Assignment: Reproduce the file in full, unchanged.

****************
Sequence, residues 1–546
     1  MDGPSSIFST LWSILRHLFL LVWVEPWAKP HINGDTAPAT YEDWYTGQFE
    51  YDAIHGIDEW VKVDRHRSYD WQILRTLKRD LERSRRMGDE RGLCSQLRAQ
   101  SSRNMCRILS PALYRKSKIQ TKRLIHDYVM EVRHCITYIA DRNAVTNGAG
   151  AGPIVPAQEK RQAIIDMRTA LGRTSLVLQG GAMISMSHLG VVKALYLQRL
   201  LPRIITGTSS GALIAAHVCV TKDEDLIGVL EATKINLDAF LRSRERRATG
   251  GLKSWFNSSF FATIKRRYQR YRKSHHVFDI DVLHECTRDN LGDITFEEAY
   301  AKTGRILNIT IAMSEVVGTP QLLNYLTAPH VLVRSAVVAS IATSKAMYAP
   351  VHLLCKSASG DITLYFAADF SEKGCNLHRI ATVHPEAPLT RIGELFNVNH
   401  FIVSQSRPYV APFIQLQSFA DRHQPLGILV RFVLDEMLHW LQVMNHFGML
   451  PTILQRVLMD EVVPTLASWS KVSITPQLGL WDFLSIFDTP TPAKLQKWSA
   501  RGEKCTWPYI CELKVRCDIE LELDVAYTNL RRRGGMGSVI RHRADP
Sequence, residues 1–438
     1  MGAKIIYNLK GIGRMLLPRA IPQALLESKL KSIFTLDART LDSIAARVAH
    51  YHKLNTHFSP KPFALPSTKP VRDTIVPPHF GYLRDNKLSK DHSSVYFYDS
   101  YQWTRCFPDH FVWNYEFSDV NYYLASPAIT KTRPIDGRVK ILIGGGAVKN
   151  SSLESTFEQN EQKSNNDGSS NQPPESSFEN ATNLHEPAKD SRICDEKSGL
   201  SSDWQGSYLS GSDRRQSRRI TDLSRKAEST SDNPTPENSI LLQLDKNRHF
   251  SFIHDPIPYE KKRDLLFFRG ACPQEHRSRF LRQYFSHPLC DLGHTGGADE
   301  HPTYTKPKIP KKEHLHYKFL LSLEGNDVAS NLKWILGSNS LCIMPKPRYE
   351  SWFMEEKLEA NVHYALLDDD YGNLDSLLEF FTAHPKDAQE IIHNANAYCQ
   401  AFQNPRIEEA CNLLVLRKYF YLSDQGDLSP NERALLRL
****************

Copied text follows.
Sequence, residues 1–546
     1  MDGPSSIFST LWSILRHLFL LVWVEPWAKP HINGDTAPAT YEDWYTGQFE
    51  YDAIHGIDEW VKVDRHRSYD WQILRTLKRD LERSRRMGDE RGLCSQLRAQ
   101  SSRNMCRILS PALYRKSKIQ TKRLIHDYVM EVRHCITYIA DRNAVTNGAG
   151  AGPIVPAQEK RQAIIDMRTA LGRTSLVLQG GAMISMSHLG VVKALYLQRL
   201  LPRIITGTSS GALIAAHVCV TKDEDLIGVL EATKINLDAF LRSRERRATG
   251  GLKSWFNSSF FATIKRRYQR YRKSHHVFDI DVLHECTRDN LGDITFEEAY
   301  AKTGRILNIT IAMSEVVGTP QLLNYLTAPH VLVRSAVVAS IATSKAMYAP
   351  VHLLCKSASG DITLYFAADF SEKGCNLHRI ATVHPEAPLT RIGELFNVNH
   401  FIVSQSRPYV APFIQLQSFA DRHQPLGILV RFVLDEMLHW LQVMNHFGML
   451  PTILQRVLMD EVVPTLASWS KVSITPQLGL WDFLSIFDTP TPAKLQKWSA
   501  RGEKCTWPYI CELKVRCDIE LELDVAYTNL RRRGGMGSVI RHRADP
Sequence, residues 1–438
     1  MGAKIIYNLK GIGRMLLPRA IPQALLESKL KSIFTLDART LDSIAARVAH
    51  YHKLNTHFSP KPFALPSTKP VRDTIVPPHF GYLRDNKLSK DHSSVYFYDS
   101  YQWTRCFPDH FVWNYEFSDV NYYLASPAIT KTRPIDGRVK ILIGGGAVKN
   151  SSLESTFEQN EQKSNNDGSS NQPPESSFEN ATNLHEPAKD SRICDEKSGL
   201  SSDWQGSYLS GSDRRQSRRI TDLSRKAEST SDNPTPENSI LLQLDKNRHF
   251  SFIHDPIPYE KKRDLLFFRG ACPQEHRSRF LRQYFSHPLC DLGHTGGADE
   301  HPTYTKPKIP KKEHLHYKFL LSLEGNDVAS NLKWILGSNS LCIMPKPRYE
   351  SWFMEEKLEA NVHYALLDDD YGNLDSLLEF FTAHPKDAQE IIHNANAYCQ
   401  AFQNPRIEEA CNLLVLRKYF YLSDQGDLSP NERALLRL